and continued as a pre-Crowleyite OTO, although enough
German members accepted Crowley that he could count one
German lodge in his branch of the order. Both of the German
groups were destroyed by the Nazi regime. A group continuing
the anti-Crowley lineage reemerged in Switzerland after the
During the time he headed the OTO Crowley experimented
with a variety of magic practices, wrote widely, and compiled
a curriculum consisting of his own books and some additional
valuable works on magic for the order members. He died in
1947 and left the leadership of the order to Karl Germer, a
German who had moved to the United States after a nasty encounter
with the Nazis. Germer was a loyal member but the
order languished under him. He did charter a lodge in England
under the leadership of Kenneth Grant, but then withdrew
the charter when Grant began to operate outside its dictates.
Germer died in 1962. He had initiated no new members nor
arranged for a successor. He was so out of touch with the members
that for many years some did not even know that he had
died. The order languished and could easily have dissolved.
However, in 1969 Grady McMurtry, a member residing in the
San Francisco Bay area, began to reorganize the OTO. McMurtry
had been given a document by Crowley containing
broad emergency measures. Through the 1970s and until his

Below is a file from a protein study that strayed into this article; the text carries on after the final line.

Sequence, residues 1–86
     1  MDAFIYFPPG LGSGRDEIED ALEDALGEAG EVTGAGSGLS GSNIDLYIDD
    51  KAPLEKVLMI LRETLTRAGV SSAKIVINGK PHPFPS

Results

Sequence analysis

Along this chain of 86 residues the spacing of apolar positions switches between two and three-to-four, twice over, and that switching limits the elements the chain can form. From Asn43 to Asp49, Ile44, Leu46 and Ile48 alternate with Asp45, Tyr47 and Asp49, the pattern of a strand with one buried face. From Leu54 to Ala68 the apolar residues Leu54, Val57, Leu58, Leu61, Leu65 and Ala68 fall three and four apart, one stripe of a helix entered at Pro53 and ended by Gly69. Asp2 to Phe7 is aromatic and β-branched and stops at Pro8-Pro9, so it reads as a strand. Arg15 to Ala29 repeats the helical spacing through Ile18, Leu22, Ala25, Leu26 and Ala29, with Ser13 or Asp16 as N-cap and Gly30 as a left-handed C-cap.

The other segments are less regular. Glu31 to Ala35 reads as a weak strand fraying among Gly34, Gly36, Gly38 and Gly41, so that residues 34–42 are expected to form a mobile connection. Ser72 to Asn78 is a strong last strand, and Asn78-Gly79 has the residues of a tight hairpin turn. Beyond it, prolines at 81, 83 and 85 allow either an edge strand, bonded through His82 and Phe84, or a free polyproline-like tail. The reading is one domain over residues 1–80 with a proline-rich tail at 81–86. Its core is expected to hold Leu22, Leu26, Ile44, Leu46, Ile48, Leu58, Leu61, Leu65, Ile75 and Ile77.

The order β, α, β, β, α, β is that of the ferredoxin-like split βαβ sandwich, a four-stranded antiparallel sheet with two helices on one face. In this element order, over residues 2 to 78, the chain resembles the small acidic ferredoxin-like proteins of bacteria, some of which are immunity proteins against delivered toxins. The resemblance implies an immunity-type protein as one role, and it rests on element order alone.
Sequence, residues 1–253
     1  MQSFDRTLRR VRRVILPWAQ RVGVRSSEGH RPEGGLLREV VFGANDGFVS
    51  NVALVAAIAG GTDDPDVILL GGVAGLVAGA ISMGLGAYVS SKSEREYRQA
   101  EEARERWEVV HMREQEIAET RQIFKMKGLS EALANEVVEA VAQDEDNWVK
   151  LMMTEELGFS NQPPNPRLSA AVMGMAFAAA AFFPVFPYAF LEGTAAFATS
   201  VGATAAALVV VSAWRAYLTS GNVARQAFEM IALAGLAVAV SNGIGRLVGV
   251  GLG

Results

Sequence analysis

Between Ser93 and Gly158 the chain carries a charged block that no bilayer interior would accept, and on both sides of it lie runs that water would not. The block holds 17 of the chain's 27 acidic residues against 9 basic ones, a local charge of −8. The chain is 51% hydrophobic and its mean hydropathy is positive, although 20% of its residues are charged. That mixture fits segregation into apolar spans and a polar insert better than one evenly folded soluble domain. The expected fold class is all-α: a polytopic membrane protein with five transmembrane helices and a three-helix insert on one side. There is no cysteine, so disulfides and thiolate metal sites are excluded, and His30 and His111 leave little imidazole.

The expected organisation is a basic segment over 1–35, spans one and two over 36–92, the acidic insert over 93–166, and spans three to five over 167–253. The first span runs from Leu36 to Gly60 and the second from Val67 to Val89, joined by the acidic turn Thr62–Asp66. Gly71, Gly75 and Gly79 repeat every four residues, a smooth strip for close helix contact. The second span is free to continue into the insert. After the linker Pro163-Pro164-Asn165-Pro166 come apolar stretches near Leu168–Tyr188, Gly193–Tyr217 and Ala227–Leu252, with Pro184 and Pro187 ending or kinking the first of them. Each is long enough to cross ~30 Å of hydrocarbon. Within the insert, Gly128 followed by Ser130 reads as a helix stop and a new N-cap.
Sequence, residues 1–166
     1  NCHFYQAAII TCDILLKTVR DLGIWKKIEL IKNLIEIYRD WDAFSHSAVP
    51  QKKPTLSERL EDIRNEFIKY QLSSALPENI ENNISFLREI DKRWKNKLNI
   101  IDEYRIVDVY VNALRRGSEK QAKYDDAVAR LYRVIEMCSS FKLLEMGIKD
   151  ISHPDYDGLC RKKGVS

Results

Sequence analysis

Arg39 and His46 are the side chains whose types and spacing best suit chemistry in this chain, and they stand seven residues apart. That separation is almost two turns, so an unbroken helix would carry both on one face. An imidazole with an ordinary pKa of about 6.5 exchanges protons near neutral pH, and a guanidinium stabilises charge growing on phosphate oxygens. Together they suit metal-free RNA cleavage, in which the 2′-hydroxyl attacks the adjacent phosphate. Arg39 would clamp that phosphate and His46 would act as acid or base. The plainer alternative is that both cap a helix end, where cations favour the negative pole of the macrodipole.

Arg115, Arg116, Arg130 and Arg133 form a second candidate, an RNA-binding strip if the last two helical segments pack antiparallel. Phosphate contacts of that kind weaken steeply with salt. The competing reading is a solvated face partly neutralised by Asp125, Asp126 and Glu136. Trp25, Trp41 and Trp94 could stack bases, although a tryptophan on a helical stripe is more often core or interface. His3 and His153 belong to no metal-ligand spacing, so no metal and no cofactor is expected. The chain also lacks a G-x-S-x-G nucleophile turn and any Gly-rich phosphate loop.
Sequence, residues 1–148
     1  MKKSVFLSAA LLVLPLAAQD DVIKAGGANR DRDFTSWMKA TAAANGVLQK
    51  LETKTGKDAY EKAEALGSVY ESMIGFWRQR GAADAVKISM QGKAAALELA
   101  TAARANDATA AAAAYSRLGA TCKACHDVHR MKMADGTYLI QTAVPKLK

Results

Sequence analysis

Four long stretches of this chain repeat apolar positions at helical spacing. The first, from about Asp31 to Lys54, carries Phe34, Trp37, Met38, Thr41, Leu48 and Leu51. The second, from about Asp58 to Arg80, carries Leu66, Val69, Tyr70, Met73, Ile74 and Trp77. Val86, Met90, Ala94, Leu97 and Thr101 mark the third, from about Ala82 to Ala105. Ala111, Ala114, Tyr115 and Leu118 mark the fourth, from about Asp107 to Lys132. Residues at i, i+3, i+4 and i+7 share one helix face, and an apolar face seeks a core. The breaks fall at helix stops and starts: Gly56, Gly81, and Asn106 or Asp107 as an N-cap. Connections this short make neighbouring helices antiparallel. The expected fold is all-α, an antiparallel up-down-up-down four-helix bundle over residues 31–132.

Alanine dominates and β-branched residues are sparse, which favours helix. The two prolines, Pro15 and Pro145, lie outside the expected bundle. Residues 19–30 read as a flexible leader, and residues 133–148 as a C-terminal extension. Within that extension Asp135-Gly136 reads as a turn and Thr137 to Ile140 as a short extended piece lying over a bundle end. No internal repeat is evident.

death in 1985, McMurtry rebuilt the order (assisted by the publication
of many of Crowley’s books), and by the time of his
death there were lodges across the United States and in a number
of foreign countries. By 1992 the order had approximately
2,100 members in 135 lodges and local groups in some twenty
Several months after McMurtry’s death, the ninth-degree
members met and elected a new caliph (the title assumed by
McMurtry because of the way he came to head the order). The
new caliph has chosen to keep his identity a secret from all except
the higher-degree members and has never published his
real name. He goes by his title, Hymenaeus Beta, acting outer
head of the order.
One part of the organization of the OTO is an ecclesiatical
structure, the Ecclesia Gnostica Catholica (or Gnostic Catholic
Church). The church offers a Gnostic-like mass written by
Crowley that embodies the order’s perspective in a public, ritualized,
and celebratory setting. Crowley was consecrated a bishop
in the French Gnostic tradition of Charles J. Doinel, and he
in turn passed that episcopal authority to the OTO leadership.
The order values and uses all of Aleister Crowley’s writings
on magic. In the 1980s it published two collections of the most
important writings, one concerning the OTO and its organizational
structure, and a second consisting of the ‘‘holy books’’
(the revelatory material received, i.e., channeled, by Crowley,
as opposed to the books he consciously wrote). The first was issued
as Volume 3, number 10 of The Equinox, one of the order’s
Address JAF Box 7666, New York, NY 10116.
Crowley, Aleister. Magick in Theory and Practice. 4 vols. Paris,
Heidrick, Bill. Magick and Qaballah. Berkeley, Calif. Ordo
Templi Orientis, 1980.
Hymenaeus Beta, comp. The Equinox 3, no. 10. New York
Thelema Publications, 1986.
King, Francis. The Holy Books of Thelema. York Beach, Maine
Samuel Weiser, 1988.
———. O.T.O. System Outline. San Francisco, Calif. Stellar
Vision, 1981.
———. The Rites of Modern Occult Magic. New York Macmillan,
———. Sexuality, Magic and Perversion. New York Citadel
Press, 1972.
Symonds, John. The King of the Shadow Realm. London
Duckworth, 1989.